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Ettlinger, Chapter 8: Regulating Insurer Insolvency

Ettlinger, Chapter 8: Regulating Insurer Insolvency

Trends in Insurer Insolvencies

Number of Insolvencies – From 1969 to 1983, insolvency rate mainly less than 0.5% per year.  Starting in 1984, insolvencies became more numerous.

Size, Age and Premium of Insolvent Insurers

New & small companies make up 2/3s of insurer insolvencies from 1970 – 1990.  Due to less experience and less diversification.

In 1980’s and 90’s, large insurers went bankrupt, including the worst: Mutual Benefit Life at $14B in assets.

Insolvencies are exception, not the rule.  In the past 20 yrs, they account for less than 0.25% of written premiums.

Deficits of Insolvent Insurers – as these companies go insolvent, the gap between their debts and available assets has widened, leading to large costs borne by the surviving companies.  Guaranty funds paid most of the O/S-ing claims, but these costs are passed on to other insurers.

How Bad Is the Industry Record?

1990: “Failed Promises” – released by the House Oversight and Investigations Subcommittee of the House Committee on Energy and Commerce.  Documents cases of poor regulation – following a torrent of reforms in 1989.  NAIC adopted new/improved regulatory models, which many state incorporated.

1994: “Wishful Thinking” – released by same subcommittee.  Argues that reforms came too late.  Efforts of NAIC aren’t enough and major collapse of insurance was a possibility.

Lots of insolvencies from 1984 to 1993, but have been corrected through reform legislation (tougher capital requirements) and by market forces.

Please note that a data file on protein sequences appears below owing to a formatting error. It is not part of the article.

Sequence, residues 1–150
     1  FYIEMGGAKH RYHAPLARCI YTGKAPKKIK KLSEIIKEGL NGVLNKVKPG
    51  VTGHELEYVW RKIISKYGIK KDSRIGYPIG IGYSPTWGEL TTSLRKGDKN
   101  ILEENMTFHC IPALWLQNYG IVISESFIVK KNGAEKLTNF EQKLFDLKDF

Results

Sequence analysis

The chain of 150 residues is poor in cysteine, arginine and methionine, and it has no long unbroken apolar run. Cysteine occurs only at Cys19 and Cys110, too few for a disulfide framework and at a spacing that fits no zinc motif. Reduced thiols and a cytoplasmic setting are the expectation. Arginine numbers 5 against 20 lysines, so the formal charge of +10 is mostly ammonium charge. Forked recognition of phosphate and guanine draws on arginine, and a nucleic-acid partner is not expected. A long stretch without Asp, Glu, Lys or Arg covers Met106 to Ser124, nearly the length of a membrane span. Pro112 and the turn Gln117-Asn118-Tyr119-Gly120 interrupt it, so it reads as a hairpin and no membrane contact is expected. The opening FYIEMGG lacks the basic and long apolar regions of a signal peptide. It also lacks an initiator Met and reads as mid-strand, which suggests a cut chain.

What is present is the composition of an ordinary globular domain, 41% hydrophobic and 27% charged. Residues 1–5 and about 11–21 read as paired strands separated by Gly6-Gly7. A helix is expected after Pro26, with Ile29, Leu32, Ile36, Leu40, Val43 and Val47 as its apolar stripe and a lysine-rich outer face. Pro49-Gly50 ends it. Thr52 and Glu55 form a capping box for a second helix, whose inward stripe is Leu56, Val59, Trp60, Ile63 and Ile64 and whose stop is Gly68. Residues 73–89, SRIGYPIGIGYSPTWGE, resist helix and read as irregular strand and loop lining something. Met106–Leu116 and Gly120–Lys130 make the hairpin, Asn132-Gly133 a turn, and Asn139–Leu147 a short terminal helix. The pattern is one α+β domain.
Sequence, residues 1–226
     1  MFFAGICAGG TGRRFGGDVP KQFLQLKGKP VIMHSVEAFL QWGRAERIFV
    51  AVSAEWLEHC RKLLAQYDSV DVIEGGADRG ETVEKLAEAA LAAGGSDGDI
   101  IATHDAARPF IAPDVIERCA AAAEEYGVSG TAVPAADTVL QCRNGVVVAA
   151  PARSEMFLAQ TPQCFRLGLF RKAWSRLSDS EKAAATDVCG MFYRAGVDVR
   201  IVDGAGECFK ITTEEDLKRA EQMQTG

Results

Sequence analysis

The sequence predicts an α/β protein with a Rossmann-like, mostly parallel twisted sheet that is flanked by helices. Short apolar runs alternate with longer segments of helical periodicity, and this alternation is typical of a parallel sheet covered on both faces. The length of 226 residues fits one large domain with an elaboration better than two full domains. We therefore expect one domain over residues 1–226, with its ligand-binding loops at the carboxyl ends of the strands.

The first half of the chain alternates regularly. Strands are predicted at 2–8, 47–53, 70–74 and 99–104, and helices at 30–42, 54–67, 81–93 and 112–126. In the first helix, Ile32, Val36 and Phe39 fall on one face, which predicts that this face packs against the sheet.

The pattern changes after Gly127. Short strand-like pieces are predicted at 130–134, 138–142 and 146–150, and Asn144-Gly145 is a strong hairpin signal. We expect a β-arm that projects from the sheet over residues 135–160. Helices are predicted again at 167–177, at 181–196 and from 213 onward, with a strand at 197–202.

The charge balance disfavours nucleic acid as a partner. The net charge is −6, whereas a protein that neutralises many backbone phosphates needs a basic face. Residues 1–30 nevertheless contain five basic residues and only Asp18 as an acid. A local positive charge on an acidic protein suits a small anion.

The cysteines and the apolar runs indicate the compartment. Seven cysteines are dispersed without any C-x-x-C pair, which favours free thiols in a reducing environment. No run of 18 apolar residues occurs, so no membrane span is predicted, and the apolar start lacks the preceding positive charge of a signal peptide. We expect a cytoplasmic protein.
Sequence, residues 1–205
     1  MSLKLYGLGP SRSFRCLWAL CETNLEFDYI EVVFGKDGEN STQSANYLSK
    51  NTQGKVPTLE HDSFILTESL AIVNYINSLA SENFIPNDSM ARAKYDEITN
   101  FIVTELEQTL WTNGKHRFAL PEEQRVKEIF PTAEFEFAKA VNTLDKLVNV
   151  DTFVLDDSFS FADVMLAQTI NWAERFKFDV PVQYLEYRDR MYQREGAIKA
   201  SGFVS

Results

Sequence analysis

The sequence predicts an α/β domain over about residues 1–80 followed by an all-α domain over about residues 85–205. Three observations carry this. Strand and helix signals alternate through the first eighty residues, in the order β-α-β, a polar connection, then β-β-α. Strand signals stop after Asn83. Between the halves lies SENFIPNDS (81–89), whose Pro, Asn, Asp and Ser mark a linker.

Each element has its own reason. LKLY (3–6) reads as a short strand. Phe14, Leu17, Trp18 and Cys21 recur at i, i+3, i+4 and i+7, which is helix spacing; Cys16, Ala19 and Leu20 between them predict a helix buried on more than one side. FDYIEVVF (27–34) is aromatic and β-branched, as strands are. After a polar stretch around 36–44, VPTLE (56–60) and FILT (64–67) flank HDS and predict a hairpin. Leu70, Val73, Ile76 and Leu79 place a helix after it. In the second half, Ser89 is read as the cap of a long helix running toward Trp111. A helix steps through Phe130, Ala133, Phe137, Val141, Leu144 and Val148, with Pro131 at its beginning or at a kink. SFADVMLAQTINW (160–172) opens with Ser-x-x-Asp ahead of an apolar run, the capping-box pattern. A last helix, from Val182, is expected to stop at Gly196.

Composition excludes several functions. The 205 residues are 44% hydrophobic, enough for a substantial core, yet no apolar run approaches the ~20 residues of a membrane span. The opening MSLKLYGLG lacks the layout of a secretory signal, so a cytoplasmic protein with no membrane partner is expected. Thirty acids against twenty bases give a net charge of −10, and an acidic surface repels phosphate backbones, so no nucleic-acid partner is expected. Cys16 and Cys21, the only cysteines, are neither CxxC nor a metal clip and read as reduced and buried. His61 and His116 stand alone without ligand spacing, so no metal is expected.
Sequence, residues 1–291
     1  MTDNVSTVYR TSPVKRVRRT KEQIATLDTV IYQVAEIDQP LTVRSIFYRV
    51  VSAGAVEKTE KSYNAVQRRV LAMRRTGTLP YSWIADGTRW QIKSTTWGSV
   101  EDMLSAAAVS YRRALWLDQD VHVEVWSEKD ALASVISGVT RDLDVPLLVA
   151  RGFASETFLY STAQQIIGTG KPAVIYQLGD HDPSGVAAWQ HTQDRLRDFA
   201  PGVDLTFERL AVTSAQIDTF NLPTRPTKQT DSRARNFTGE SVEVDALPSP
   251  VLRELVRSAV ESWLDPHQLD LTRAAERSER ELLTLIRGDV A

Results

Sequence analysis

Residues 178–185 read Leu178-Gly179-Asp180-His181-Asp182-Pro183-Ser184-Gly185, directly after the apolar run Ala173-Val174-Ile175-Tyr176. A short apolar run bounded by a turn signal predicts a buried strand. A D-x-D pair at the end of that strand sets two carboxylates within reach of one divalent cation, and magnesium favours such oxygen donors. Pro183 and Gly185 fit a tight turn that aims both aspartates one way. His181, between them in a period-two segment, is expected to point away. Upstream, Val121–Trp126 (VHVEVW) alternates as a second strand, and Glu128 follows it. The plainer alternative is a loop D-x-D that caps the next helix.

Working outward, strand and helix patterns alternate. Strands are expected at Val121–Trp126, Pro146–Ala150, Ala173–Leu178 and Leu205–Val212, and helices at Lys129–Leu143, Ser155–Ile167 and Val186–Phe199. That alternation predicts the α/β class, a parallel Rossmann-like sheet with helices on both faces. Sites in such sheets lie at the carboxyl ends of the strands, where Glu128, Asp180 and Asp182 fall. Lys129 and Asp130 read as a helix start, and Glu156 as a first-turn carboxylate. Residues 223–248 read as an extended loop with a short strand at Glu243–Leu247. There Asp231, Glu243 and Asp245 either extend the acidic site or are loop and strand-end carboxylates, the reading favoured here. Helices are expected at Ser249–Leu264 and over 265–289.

Also, the insurance problems were nothing compared to the losses of commercial banks and S&L institutions.

All things considered, the insurance record has been pretty good.

Why Insurers Become Insolvent

Most frequent causes include: rapid premium growth (which precedes nearly all major failures); inadequate rates & reserves; out-of-line expenses; lax controls over MGAs; reinsurance uncollectible; fraud.

One problem is how to determine if a company is financially troubled.  This fact can be hidden through a merger (suggested by NAIC).

Regulatory Control – many ways for the regulator to take control of a company.

First form of regulatory intervention is usually fact finding on site or by written reports.  If the company is found to be “hazardous to the P/Hs or to the general public,” they may be ordered to: increase reinsurance; reduce the volume of new and renewal business; reduce operating expenses; increase capital or surplus; limit dividends to S/Hs or P/Hs; limit certain investments; document adequacy of rates.

The commissioner often negotiates voluntary compliance to avoid insurer’s bad publicity.

Sometimes public intervention can result in criticisms of the regulator.  For example: NJ and Executive Life.  NAIC blasted NJ for their actions.

If 1st step fails, the regulator can seek court authority to take control of the mgt (rehabilitation).

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